Friday, February 15, 2008

Open Journal, Conference and Book Publishing

Kevin Stranack from the Public Knowledge Project (PKP), talked at the National Library of Australia today on open publishing. PKP are best known for their free open source Open Journal System (OJS) publishing software. But Kevin pointed out that they have produced other free software and do research on help academics communicate their work.

OJS is used around the world by universities, scientific societies and some commercial companies for producing academic journals (I used to set up the Australian Computer Society digital library). PKP have subsequently produced Open Conference Systems (OPCS) for doing the same thing for conferences and the Open Archives Harvester to collect together the indexes from such systems.

Most recently PKP have released an early beta of Lemon8-XML for converting Word Processing documents into neat XML formatted documents for publishing. This is more ambitious than systems such as the ANU Digital Scholars Workbench and USQ's Integrated Content Environment. Those systems will convert a word processing document which has been prepared using a supplied template which provides a preset structure for the document. PKP are aiming to be able to be able to work out the structure from the content of the document with no preset template. This would be very useful, if it could be done, but may prove impossible.

PKP are also planning to produce a system similar to OJS, but for the production of books. I asked Kevin about incorporating social networking for academic authors and he said there may be a small element of this in the book system. This would provide an author's workbench where the person preparing the book could keep their notes and involve collaborators.

Kevin showed some examples of OJS and OCS based publications, including some Australian ones. One which stood out is the The International Review of Research in Open and Distance Learning . Apart from the topic being of interest, the publishers practice what they advocate by providing the journal in audio format and a more accessible HTML, as well as the usual PDF. The audio appears to have been produced using text to speech software, but is of a much higher quality than the usual PC generated speech.

One area where it might be worth PKP applying their skills is to e-learning materials. There are some attempts to provide online directories of such materials, for example the Australian Government funded Learning Object Repository Network. However, these are isolated in their own separate repositories and mired in intellectual property issues. Using the open publishing approach to learning objects could make the much more widely used and turn e-learning from a hand crafting cottage industry into a real online innovation.

Another area for future research is to bring together the different types of publishing: journal papers, conferences, books and e-learning into one coherent whole. Ideally, the one tool should be able to be used to publish the same content, to suit these different formats.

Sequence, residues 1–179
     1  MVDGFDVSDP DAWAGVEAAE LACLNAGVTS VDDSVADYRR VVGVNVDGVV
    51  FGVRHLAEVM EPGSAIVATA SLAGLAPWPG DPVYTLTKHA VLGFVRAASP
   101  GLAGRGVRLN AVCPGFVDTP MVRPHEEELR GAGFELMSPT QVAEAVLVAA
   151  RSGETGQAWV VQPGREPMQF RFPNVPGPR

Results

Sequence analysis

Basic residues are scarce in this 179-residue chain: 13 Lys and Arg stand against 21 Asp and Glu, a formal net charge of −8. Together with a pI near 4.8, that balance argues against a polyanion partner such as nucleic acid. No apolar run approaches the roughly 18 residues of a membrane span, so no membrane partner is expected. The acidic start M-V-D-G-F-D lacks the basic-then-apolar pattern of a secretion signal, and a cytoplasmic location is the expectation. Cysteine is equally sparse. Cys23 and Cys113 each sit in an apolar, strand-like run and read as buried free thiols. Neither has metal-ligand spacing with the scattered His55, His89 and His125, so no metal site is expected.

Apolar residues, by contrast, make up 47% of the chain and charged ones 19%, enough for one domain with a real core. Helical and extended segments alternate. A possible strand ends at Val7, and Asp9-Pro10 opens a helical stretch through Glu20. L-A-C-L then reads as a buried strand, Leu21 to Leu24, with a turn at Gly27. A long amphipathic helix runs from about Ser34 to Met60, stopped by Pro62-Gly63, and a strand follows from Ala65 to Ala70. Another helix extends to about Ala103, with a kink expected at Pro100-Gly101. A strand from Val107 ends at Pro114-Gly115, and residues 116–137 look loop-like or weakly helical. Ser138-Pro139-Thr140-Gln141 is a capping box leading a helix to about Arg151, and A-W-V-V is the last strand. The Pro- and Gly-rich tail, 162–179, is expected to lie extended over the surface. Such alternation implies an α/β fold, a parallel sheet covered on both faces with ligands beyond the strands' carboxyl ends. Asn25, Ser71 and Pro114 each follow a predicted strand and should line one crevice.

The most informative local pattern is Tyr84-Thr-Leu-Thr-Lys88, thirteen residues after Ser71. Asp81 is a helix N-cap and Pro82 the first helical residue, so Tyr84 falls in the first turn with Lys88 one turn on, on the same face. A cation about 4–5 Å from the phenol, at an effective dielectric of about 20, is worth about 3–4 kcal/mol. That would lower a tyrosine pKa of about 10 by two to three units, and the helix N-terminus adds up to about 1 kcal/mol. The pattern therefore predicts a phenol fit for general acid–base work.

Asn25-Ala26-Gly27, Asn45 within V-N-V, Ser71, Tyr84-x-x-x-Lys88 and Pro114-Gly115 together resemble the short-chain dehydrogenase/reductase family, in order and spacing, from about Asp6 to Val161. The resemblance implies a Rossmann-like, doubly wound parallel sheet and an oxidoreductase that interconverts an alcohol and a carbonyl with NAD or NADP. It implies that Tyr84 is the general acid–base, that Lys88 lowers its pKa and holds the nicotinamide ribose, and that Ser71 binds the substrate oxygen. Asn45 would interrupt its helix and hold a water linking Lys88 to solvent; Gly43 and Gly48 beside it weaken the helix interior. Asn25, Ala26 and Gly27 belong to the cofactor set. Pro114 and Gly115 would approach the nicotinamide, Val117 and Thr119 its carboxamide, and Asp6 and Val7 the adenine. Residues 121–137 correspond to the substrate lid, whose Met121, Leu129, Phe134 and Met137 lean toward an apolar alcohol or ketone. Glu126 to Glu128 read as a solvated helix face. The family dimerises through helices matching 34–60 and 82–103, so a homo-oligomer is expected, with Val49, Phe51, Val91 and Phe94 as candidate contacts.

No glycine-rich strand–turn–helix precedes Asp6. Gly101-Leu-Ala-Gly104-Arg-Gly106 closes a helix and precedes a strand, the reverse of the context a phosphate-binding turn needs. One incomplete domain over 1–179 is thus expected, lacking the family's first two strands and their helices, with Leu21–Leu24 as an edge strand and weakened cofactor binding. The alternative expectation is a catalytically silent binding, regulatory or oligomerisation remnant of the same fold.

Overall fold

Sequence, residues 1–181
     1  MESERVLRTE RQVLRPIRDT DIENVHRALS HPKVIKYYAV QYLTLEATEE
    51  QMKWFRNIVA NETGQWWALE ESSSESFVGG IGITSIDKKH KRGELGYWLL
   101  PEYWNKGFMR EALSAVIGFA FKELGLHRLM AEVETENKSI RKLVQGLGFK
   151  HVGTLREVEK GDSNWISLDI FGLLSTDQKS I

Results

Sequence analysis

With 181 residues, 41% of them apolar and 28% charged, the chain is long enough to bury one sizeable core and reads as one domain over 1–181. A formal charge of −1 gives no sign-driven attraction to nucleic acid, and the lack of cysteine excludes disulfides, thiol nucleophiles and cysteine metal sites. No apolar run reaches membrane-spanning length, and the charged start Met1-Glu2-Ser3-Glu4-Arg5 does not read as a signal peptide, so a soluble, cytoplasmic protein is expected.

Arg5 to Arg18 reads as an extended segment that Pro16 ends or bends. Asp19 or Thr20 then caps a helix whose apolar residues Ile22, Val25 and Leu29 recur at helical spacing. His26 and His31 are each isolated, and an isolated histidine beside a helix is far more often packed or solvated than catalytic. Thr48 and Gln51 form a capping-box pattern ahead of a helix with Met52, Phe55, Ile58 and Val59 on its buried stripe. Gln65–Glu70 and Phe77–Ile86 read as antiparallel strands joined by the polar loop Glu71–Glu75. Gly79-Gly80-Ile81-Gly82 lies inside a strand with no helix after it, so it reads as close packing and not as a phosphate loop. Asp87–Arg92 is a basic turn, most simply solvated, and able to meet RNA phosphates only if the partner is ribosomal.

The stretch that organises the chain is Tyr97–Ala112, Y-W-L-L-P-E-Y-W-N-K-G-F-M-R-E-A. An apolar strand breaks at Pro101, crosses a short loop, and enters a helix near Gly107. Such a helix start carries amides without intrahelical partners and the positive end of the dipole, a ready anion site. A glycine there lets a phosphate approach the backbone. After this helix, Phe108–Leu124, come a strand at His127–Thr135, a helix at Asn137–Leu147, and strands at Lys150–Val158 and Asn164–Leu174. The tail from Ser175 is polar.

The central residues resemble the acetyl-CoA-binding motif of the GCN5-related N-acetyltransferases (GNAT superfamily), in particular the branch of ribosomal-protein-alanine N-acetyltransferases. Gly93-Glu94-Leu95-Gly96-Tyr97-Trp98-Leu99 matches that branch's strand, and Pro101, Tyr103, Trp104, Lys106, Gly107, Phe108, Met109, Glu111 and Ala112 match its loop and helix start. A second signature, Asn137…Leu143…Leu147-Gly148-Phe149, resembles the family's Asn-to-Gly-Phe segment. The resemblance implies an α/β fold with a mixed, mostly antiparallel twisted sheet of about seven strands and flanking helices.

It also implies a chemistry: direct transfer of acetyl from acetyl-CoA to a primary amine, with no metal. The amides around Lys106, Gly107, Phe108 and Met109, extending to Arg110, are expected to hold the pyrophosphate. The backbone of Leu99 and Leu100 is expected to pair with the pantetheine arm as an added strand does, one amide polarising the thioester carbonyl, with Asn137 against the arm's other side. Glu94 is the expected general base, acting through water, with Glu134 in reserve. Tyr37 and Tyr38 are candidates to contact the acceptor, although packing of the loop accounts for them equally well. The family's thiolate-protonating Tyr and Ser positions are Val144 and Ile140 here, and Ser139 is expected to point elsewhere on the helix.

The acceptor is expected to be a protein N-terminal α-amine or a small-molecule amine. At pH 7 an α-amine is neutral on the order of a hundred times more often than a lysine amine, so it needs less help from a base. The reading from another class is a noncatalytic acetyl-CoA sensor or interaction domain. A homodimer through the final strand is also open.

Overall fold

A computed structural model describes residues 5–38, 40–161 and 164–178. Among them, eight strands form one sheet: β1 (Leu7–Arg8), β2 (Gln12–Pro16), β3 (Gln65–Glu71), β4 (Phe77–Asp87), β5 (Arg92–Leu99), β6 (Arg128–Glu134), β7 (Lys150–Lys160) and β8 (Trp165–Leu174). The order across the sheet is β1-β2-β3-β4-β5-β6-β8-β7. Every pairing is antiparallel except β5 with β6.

PKP stand out by providing usable software backed by research and sustaining it over a long period. If you are thinking about doing academic publishing, or even commercial publishing, online then you should look at PKP's free tools.

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Wednesday, January 30, 2008

Public Knowledge Project, 15 February 2008, Canberra

Recommended talk at the National Library of Australia, 15 February 2008, 12.30 pm in Canberra. Kevin Stranack is from the Public Knowledge Project at the Simon Fraser University, which produced the free Open Journal System publishing software which I used to set up the Australian Computer Society digital library:
It gives me pleasure to invite you to the next Digital Culture talk:
The Public Knowledge Project: Breaking Down the Barriers to Open Access
Kevin Stranack

Are you concerned about the spiraling costs of academic journals? Do you worry that access to critical research information is under threat? This presentation will describe the work of the Public Knowledge Project, and discuss some of the steps librarians and others in Canada, Australia, and other countries around the world are taking to confront the crisis in scholarly communication, and ensure that readers and authors remain connected.

A collaboration between the University of British Columbia, Stanford University, and Simon Fraser University's Library and Canadian Centre for Studies in Publishing, the Public Knowledge Project has grown from a small research project into a global, community-based, open access publishing alternative, providing free, open source software for hundreds of researchers, editors, software developers, and librarians.

Kevin will be introduced by Chris Foster, Director Monographs Branch, National Library of Australia

The speakerKevin Stranack is a librarian with the Public Knowledge Project at the Simon Fraser University Library. He works with editors, publishers, software developers, and librarians in their use of open source software for open access publishing, and is the author of "OJS in an Hour", "OCS in an Hour", "Getting Found, Staying Found", and other documents published by the Project. Kevin is a frequent presenter at library and information technology conferences, including the Canadian Library Association, the British Columbia Library Association, the Charleston Conference, Access, BCNet, NetSpeed, and others.

Date: Friday 15 February 2008
Time: 12.30 to 13.30
Venue: Library Theatre
This talk is free and open to everyone. ...

Bobby Graham
Web Content Manager
Web Publishing Branch, IT Division
National Library of Australia

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Friday, February 09, 2007

ACS Digital Library now in Arrow Discovery Service

The ACS Digital Library papers are now included in the ARROW discovery service. Arrow provides an index to scholarly materials from Australian universities, professional, scientific and cultural organisations.

This includes papers such as Dr. Roger Clarke's "Key Aspects of the History of the Information Systems Discipline in Australia".

Arrow reads an OAI standard XML metadata file created by the ACS Digital Library. Thanks to the National Library of Australia for arranging this.

Currently only one issue of the Australasian Journal of Information Systems is available. We are working on getting about 1,500 papers from Australasian Journal of Information Systems and Conferences in Research and Practice in Information Technology into the system.